Pro Landscaper/ lite construction guy here.
No, you are certainly not in over your head. I will chime in and say level isn’t as much a concern as straight is. in fact a slight slope from one end of the bed is disirable as it can assist in run off during heavy rain.
Best way to attain a nice straight wall is to set one stone at your height, then measure out where the last stone in a straight line will go, set it’s height where you want it, then run a string that sits on the top of both tightly between the two. Place the stones on either compacted sand, or in your case (with such a short wall) plain ol dirt will do. You can adjust the height of the individual stones in the first course by adjusting the compacted sand base the first course sits on. Just give your string a little “twang” after you place the stones to make sure the string is just barely kissing the top of the stone you just placed.
Tamp tamp tamp, make sure your first course is sitting on a solid base, step back and eyeball your line to make sure it is going where you want. Taking a 2x4x8 and smacking the face of the bricks (like an 8’ long straight edge)will help keep them straight as you progress.
In an unmortared retaining wall all subsequent courses will follow your first course so if you get the first run correct you are home free. be sure to place the first brick exactly centered on the space between the two beneath it or it may bite you on the butt when you go to finish the ends. Half bricks are good for this but if you wind up a little off, a hammer can remove some material from the brick with ease.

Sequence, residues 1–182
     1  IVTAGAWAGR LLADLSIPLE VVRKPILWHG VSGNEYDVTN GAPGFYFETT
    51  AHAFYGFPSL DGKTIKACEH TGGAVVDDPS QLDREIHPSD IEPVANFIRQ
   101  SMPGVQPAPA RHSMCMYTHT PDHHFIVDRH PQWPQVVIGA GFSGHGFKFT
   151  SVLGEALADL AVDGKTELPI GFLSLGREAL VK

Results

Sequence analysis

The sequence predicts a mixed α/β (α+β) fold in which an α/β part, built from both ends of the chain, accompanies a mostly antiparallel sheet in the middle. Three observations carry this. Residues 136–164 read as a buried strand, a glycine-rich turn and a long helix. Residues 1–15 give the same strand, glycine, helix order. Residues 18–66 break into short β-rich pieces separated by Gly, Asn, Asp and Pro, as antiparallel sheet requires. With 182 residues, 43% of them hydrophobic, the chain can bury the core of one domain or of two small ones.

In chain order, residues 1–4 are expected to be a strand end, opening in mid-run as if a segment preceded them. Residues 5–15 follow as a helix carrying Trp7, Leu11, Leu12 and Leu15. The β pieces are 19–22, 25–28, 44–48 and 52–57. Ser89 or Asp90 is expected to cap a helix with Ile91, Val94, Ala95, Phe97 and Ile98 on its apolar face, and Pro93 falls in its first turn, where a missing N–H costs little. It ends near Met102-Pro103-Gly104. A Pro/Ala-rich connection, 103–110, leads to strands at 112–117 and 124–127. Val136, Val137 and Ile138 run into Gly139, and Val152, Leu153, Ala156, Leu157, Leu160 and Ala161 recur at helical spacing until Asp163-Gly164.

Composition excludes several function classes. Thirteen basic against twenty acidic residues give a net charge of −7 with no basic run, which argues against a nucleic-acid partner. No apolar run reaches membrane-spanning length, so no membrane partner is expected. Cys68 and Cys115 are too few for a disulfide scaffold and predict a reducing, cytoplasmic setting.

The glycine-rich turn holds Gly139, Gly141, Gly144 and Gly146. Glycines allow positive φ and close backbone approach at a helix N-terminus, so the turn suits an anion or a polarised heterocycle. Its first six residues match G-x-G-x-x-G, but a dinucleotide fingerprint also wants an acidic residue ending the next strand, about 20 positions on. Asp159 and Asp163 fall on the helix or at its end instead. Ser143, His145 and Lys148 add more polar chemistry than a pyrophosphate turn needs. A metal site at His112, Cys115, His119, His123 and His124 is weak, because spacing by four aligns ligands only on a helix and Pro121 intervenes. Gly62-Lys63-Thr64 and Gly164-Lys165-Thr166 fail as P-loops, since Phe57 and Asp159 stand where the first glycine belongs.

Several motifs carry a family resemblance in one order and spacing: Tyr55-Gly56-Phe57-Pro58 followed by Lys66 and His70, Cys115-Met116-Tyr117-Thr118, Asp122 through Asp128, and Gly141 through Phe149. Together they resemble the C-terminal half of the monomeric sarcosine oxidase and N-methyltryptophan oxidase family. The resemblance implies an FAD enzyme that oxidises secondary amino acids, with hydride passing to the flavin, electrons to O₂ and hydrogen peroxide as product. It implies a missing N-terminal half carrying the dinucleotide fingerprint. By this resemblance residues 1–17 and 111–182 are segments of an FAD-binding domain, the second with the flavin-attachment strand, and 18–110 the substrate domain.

Drainage is easy, plain ol gravel (not too fine) will work, a perf pipe imbedded in the gravel with a positive slope will work better. Not really too big a concern with the type wall you are planning, it’s not really tall enough to worry about and the butt joints drain pretty readily on their own.
Corners are up to you, curved or square its a matter of esthetics, square joints will line up better while curved ones will “overhand” or “underhang” a bit. Nothing major.
Other concerns to address before starting are “how will this wall effect the drainage of the lot?”, Does water still have a place to go? Also whatever you do, make sure your new soil bed does not slope towards your house and that the soil is a minimum of 6" below the siding of any structure.
I Hope I covered everything here. My tool list would include a flat tipped shovel, line level, torpedo level, wheelbarrow, a couple of buckets, masons twine, a short screed stick (1"x2" stick cut slightly longer than the width of you wall block) for spreading sand, and a 2x4x8 “helper board” for lining up the front and tops of the block. You may want a good pair of gloves if you are unused to handling masonry with your bare hands.